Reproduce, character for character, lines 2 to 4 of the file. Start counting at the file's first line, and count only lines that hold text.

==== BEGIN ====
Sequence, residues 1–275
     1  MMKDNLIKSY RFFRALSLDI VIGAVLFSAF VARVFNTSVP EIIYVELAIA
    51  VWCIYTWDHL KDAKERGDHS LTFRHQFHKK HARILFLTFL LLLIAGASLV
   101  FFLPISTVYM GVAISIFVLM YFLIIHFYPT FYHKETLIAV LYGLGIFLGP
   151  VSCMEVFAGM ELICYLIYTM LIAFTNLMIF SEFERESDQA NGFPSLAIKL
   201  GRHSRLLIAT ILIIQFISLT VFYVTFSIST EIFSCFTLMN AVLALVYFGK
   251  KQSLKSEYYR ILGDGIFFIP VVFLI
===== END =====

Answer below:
     1  MMKDNLIKSY RFFRALSLDI VIGAVLFSAF VARVFNTSVP EIIYVELAIA
    51  VWCIYTWDHL KDAKERGDHS LTFRHQFHKK HARILFLTFL LLLIAGASLV
   101  FFLPISTVYM GVAISIFVLM YFLIIHFYPT FYHKETLIAV LYGLGIFLGP